The remarkable thing about this book is that the scenes are completely changed each act. In the first act the characters are circus performers, in the second they are farmers (and had always been farmers), in the third they are sailors. At first I wondered if Steinbeck had been smoking something skunky when he wrote it this way, then I as I read on I could see the genius in it. The characters and their roles were unchanged, but the change of scene brought out different aspects of the characters and added an entirely new flavor and mood to the play. It was absolutely fascinating to watch one plot be told in three different parallel lifetimes.

Steinbeck was an artist of the truest kind. He could paint within the lines of reality in the most compelling fashion, but then he could go abstract and bend your mind and create something unique, heartbreaking and beautiful--all in about an hour and a half of your time.

I read that this book was subjected to intense criticism that derailed his play novelette writing. I wish he would have written his detractors and play novelette of their own, in which they meet a grisly end--he certainly had the talent for grisly endings, as evidenced by his other works.

It is startling to know that a writer as ballsy as Steinbeck could be hurt by criticism--he certainly didn't write to bring warm fuzzy tingles to the masses--and I'll always wonder what stories were left untold because of it.
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Backyard Orchardist: A Complete Guide to Growing Fruit Trees in the Home Garden by Stella Otto
Backyard Orchardist: A Complete Guide to Growing Fruit Trees in the Home Garden

Amy Wachsmuth, October 1, 2014

When you buy your first fruit tree, do yourself and your new tree a favor and buy this book too. Now that I have three planted in my backyard, I'm wishing I would have read this prior to planting; I would have dug a much bigger hole and amended my clay soil with more sandy-loam and compost. I also would have done a better job setting my trees up for production by properly pruning those first few years of growth. Today is a new day.

This is an enjoyable-to-read book that covers all major fruit bearing trees with specific information for trees in different zones. Now I know, when and how to prune properly. What pests to watch out for and how to prevent infections/infestations and treat them in the most effective manner. I.e. most pests have a predictable time when they are going through some sort of molt or metamorphosis making treatment particularly effective. It is best to treat a specific problem and avoid “all-purpose” treatments as they are toxic to your backyard ecosystem and may create problems that didn't exist prior by killing of natural pest predators.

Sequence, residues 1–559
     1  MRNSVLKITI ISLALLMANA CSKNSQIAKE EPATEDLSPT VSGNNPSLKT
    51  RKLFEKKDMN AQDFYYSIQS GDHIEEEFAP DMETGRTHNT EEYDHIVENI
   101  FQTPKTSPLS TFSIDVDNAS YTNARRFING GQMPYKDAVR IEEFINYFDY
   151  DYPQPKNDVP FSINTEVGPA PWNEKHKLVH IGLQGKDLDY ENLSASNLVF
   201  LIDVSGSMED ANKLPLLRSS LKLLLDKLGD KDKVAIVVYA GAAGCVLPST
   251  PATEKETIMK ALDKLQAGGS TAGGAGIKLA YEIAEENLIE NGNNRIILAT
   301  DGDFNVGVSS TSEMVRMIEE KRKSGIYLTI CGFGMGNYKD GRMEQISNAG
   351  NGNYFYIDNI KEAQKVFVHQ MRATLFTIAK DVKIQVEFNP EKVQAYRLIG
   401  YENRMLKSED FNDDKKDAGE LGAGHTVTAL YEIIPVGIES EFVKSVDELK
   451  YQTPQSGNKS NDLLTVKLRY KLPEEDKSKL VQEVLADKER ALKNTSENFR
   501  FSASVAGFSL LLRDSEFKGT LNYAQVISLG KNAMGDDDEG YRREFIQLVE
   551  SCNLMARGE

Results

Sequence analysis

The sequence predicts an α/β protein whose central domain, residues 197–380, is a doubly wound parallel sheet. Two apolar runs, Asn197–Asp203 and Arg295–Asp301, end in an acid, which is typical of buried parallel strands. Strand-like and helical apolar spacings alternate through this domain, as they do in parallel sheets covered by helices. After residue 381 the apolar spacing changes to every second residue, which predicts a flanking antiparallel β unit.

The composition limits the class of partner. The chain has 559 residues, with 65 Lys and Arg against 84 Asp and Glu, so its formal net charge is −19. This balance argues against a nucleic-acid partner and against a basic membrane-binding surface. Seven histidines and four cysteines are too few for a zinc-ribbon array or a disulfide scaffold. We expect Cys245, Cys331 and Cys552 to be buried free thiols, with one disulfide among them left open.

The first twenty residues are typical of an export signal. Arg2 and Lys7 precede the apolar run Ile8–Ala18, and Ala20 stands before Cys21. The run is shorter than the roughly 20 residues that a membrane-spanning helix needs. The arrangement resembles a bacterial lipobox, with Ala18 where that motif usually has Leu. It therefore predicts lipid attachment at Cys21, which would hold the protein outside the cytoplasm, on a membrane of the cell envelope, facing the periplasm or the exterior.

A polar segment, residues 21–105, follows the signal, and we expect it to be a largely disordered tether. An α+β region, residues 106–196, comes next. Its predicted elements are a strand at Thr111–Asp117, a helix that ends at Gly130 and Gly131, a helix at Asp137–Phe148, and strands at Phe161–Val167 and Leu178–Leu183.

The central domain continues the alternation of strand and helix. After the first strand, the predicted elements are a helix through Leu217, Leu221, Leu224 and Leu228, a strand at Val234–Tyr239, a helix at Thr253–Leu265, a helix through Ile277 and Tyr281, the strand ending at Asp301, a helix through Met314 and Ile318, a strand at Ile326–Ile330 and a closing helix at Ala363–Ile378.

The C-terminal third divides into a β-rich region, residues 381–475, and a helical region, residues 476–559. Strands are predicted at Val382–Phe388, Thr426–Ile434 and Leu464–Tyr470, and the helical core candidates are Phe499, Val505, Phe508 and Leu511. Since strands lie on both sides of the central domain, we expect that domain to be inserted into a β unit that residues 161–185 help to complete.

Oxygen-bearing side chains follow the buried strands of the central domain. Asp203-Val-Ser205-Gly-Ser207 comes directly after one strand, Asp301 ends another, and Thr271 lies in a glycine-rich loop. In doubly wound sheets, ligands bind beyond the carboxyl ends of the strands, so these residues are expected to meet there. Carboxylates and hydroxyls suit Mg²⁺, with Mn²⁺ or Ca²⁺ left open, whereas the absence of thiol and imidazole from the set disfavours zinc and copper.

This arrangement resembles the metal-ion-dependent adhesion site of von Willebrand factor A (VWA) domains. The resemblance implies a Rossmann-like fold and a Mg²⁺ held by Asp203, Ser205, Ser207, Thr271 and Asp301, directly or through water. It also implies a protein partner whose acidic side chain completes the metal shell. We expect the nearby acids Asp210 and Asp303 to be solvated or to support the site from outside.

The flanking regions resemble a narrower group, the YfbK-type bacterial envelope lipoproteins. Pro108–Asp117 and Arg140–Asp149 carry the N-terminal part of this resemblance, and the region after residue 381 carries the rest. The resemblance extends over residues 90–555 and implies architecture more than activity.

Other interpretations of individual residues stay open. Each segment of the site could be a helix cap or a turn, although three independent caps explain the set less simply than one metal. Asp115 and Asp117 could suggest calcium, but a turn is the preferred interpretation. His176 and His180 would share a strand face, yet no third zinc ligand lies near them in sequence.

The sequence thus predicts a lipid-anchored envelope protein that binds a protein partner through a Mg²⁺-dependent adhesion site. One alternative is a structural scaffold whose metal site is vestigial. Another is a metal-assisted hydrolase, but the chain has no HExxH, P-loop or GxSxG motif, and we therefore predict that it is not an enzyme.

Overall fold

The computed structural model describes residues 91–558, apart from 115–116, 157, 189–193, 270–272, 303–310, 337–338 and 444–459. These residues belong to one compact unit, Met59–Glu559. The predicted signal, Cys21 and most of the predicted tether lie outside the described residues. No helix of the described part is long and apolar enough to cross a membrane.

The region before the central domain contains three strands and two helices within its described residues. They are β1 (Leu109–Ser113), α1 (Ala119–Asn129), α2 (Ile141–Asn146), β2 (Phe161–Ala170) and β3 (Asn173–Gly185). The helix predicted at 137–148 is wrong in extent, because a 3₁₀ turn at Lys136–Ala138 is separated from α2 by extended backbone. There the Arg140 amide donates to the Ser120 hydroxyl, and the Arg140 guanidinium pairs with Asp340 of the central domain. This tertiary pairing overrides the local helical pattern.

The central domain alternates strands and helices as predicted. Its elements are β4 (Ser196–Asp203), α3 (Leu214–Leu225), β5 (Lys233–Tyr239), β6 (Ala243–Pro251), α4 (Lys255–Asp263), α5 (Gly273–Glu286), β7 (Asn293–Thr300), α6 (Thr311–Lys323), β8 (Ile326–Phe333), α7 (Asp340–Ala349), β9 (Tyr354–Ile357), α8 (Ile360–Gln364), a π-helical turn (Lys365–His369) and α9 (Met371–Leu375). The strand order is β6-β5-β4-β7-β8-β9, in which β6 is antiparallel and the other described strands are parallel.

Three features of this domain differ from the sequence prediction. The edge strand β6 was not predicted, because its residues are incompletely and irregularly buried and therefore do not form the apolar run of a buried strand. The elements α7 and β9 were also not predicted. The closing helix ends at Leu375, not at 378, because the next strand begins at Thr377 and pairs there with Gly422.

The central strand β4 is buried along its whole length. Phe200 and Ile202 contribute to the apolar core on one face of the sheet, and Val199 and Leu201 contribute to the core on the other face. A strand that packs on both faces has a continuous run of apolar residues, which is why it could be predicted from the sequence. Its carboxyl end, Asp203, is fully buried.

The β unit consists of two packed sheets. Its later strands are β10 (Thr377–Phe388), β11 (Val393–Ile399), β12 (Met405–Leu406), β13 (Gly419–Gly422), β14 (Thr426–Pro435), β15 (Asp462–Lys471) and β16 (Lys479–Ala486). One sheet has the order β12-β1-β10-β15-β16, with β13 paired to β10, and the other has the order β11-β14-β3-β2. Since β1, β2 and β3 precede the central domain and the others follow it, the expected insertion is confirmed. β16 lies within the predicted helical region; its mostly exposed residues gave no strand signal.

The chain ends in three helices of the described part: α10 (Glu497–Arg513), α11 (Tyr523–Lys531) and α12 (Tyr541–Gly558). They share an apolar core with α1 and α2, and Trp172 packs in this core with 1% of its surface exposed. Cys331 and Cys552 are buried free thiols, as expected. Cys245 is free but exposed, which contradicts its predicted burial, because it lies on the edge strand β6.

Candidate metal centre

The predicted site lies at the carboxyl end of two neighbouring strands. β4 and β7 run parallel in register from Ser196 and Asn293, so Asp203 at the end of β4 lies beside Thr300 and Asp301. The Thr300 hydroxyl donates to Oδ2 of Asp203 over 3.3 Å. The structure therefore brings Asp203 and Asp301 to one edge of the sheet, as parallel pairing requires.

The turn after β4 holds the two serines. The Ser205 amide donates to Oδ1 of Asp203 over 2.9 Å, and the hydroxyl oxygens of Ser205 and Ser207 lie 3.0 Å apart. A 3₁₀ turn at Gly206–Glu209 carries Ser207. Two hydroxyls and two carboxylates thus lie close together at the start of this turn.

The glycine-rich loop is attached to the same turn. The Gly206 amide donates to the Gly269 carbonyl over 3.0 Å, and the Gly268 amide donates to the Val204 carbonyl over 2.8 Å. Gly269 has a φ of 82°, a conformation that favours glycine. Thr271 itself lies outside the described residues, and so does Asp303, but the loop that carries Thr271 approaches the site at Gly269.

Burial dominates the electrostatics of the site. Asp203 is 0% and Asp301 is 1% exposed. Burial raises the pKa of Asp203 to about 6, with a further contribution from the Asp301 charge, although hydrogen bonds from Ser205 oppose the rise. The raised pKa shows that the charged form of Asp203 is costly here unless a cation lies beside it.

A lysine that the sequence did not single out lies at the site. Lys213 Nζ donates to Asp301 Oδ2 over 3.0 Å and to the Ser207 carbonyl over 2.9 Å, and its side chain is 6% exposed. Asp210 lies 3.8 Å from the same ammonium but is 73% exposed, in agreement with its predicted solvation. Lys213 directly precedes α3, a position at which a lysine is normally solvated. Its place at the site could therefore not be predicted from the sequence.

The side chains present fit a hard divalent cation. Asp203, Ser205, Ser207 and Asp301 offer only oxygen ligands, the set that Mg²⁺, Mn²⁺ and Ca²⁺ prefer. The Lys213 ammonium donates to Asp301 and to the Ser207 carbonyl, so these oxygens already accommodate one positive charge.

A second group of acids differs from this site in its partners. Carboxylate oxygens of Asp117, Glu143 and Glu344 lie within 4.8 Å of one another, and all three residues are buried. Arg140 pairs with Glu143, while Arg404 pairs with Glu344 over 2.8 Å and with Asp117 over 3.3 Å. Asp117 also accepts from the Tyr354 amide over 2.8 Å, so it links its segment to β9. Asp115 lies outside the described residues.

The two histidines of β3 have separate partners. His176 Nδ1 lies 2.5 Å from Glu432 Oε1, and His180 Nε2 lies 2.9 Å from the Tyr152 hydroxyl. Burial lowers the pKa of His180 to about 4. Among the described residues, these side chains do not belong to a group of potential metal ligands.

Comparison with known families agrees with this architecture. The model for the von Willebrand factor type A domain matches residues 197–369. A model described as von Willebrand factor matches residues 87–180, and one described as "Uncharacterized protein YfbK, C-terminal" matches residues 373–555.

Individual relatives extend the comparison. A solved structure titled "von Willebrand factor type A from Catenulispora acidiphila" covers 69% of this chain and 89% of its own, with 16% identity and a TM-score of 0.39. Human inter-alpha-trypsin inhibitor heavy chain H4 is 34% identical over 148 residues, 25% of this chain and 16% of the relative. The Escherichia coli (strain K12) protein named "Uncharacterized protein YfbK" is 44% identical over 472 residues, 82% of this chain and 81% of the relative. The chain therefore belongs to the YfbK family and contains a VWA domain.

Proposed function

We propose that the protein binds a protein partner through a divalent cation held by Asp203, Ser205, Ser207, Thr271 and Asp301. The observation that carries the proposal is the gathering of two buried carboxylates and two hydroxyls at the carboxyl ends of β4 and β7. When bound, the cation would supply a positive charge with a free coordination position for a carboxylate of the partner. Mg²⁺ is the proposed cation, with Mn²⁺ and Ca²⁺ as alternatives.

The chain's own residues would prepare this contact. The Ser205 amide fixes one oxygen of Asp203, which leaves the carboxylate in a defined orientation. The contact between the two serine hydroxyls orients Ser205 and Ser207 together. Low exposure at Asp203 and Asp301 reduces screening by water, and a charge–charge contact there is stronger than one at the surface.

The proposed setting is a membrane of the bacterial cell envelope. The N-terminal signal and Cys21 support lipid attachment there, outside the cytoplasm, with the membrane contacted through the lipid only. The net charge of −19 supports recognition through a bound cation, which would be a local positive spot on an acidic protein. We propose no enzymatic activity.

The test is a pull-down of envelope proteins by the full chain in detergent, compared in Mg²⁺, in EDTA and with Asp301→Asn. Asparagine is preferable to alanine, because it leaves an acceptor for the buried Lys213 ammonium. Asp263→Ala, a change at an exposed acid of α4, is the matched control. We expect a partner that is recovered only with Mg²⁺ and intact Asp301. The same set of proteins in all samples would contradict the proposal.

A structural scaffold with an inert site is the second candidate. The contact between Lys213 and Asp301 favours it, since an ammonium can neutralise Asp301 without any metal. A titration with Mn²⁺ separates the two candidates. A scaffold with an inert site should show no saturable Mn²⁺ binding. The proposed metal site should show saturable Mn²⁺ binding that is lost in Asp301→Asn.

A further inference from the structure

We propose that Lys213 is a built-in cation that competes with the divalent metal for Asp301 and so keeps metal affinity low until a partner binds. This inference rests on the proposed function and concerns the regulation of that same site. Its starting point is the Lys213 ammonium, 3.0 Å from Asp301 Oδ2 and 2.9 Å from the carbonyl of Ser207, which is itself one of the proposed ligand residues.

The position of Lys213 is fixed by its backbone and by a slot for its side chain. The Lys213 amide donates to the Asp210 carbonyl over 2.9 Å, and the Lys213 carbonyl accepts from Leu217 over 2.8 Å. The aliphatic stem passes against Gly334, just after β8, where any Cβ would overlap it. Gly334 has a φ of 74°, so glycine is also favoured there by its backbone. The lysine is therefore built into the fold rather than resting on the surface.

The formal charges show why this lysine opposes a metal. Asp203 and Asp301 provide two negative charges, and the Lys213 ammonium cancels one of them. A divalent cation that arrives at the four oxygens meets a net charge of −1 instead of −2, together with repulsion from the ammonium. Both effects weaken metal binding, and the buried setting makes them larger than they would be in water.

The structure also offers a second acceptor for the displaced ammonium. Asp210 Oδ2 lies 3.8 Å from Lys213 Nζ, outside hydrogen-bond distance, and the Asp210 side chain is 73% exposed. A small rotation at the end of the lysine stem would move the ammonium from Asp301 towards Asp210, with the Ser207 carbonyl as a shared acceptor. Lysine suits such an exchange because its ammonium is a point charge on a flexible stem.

Stella also provides many tables regarding fruit variety and their flavor, blight and pest resistance, days from blossom to fruit, heights based on rootstock choices and everything else you might need. She educates us orchardists lingo, e.g. rootstock, scions, scaffold branches, callous, suckers, water sprouts...

I'll never remember everything in this book but I'll remember just enough to know its in there and where to find it.
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The Happiest Baby on the Block: The New Way to Calm Crying and Help Your Newborn Baby Sleep Longer by Harvey Karp
The Happiest Baby on the Block: The New Way to Calm Crying and Help Your Newborn Baby Sleep Longer

Amy Wachsmuth, August 28, 2014

This book helps new parents comfort crying newborns and improve naps and night-time sleep. The advice is particularly relevant for the “fourth trimester” or first three months of life. There is nothing more bewildering than holding a well fed, dry, burped baby that won't stop screaming. There is help, and it is in this book.